By Ryan Rogers
Big 12 Campus Correspondent
Young athletes everywhere grow up with dreams of hitting a game-winning shot like Michael Jordan, throwing a touchdown pass like Joe Montana or blazing down the track like Michael Johnson, but few possess the talent to do so.
It was a road of patience and hard work for Baylor sprinter Woodrow Randall, but he became one of the select few to reach those lofty goals. At one of the most prestigious meets in the country, Randall used the roar of the Texas Relays crowd last April to tie Johnson's all-time Baylor record of 10.13 in the 100 meters.
Rewind to only five years earlier, and Randall was just getting his start. Growing up in New Orleans, he wasn't afforded the opportunity to get on the track as a middle schooler.
"I never ran track until high school, I wanted to run in middle school, but in New Orleans there aren't that many track programs," Randall said. "So I decided not to run until I got to high school."
Right from the start, Randall showed his prowess as a high school freshman at Marietta (Ga.) high school, helping his team finish second in the 4x100-meter relay at the national indoor meet. He went on to claim Georgia state individual titles in the 100 and 200 meters, as well as the 4x100 and 4x400-meter relays.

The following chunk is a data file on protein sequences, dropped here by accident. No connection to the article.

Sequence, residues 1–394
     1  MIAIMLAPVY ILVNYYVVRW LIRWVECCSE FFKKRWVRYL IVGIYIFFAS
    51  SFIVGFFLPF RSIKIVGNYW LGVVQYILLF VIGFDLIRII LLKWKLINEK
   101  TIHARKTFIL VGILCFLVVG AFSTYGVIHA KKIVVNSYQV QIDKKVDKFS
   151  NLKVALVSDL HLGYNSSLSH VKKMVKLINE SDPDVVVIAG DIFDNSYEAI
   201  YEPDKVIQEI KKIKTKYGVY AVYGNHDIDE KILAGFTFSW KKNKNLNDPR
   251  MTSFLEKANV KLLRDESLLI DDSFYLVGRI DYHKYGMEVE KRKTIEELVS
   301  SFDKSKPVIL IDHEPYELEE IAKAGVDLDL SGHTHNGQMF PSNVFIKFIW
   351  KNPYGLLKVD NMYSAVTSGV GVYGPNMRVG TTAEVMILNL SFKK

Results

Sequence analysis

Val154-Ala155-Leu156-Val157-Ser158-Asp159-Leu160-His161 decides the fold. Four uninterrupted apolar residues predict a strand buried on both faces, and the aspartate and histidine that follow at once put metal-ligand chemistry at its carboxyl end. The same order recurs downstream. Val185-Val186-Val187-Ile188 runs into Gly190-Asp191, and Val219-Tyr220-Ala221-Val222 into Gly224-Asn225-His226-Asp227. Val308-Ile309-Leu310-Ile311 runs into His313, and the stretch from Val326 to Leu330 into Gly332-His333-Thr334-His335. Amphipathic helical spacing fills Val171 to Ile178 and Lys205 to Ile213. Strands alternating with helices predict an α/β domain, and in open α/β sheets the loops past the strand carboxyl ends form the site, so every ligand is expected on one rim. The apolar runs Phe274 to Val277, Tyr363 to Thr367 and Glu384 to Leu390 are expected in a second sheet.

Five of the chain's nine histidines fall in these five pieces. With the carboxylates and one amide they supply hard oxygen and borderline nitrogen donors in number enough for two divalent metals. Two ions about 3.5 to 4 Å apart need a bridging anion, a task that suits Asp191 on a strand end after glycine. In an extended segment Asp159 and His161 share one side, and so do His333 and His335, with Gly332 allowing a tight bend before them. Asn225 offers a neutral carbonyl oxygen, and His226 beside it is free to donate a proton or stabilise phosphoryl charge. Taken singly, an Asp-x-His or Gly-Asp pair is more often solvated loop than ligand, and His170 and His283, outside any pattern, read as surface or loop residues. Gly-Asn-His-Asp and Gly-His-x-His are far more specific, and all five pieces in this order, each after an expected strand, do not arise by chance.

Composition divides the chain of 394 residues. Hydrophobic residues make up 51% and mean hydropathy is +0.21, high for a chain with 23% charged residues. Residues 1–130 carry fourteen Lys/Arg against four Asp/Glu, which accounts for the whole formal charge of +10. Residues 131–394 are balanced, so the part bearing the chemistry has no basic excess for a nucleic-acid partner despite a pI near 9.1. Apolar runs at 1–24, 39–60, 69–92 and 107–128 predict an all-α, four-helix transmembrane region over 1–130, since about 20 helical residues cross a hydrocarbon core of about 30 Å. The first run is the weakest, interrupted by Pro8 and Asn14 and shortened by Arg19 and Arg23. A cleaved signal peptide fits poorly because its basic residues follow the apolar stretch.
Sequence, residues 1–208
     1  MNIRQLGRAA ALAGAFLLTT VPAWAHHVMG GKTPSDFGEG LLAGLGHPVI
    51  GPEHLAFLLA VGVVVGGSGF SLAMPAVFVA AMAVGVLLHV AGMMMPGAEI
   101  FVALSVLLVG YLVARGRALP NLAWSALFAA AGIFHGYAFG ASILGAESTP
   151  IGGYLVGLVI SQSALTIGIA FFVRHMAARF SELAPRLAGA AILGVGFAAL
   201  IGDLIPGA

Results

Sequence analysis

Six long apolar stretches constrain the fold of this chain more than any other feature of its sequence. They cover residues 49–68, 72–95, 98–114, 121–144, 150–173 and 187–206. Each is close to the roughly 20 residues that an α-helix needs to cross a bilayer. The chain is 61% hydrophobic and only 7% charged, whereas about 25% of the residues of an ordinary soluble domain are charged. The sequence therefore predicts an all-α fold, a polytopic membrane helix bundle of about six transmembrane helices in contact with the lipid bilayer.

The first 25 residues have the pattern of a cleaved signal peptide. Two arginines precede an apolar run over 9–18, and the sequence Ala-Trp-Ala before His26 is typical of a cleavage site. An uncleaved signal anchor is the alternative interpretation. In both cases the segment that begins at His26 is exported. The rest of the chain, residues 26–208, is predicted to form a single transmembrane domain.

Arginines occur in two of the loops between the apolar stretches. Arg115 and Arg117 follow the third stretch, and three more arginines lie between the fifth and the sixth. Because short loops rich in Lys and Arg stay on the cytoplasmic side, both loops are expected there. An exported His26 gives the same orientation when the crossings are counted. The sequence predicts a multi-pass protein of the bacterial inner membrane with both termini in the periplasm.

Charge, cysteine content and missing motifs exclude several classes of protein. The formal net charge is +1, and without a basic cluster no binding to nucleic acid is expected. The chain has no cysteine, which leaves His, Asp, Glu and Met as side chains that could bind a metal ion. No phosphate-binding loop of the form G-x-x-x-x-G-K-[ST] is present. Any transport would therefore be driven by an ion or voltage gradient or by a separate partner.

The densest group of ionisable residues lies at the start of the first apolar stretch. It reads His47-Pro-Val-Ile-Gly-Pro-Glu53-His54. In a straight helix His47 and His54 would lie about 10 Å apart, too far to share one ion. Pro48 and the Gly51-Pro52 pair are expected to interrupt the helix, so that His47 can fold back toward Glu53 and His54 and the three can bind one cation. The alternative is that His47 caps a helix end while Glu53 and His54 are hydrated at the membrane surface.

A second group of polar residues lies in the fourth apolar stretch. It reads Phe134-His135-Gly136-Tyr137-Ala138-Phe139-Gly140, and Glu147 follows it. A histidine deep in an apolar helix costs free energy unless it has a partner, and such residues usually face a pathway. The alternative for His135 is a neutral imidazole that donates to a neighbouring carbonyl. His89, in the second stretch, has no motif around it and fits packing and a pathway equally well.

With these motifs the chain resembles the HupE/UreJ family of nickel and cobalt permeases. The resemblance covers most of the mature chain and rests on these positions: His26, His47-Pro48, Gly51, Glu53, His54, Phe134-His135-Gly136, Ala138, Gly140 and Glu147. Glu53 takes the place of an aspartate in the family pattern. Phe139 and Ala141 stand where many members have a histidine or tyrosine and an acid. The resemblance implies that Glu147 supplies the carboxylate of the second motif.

After graduation, Randall was recruited to run track at Southwest Mississippi Community College in Summit, Miss., a 450-mile trek from his North Atlanta hometown.
While in Mississippi, Randall's success continued, catching the eye of Baylor head coach Todd Harbour. Randall became a four-time NJCAA All-American and made the decision to go to Baylor upon completion of his two-year associate's degree.
On the track, however, neither Randall nor Harbour knew exactly how his success at the junior college level would translate to Baylor and the Big 12 Conference.
"We knew he was good, but we just didn't know how good," Harbour said. "Woodrow worked hard and always came to the track ready to give his best."
That hard work paid off with Randall surprising even himself as the season progressed. Indoors, the junior speedster gained confidence from an All-Big 12 performance in the 60 meters and carried that it into an All-American finish at the NCAA Championship.
"Here (at Baylor) you have to come ready to compete every time out because everyone is working towards achieving the same thing," Randall said.
Outdoors, Randall really hit his stride, keeping the surprises coming with his school-record-tying run in the 100 at the Texas Relays.
"I was like ‘Wow, I just tied Johnson's record,'" Randall said. "I was amazed that I ran that fast."
Among his accomplishments in an impressive opening season in the Green and Gold, Randall also became an integral part of one of the fastest 4x100-meter relay teams in program history. He took the opening leg of the sprint relay at the NCAA Outdoor Championship, and helped the team to the second-fastest time ever at Baylor of 39.09 and a sixth-place, All-America finish.
With a year at Baylor under his belt, and a senior season to look forward to, Randall knows that great success brings great expectations.
"I expect a lot from myself every time I go out and run," Randall said. "My drive for wanting to be successful has helped push myself to be the best I can be."
Randall's inner-drive, he says, starts with his mother and grandparents, and continues with the coaches who believed in him enough to bring him to Baylor.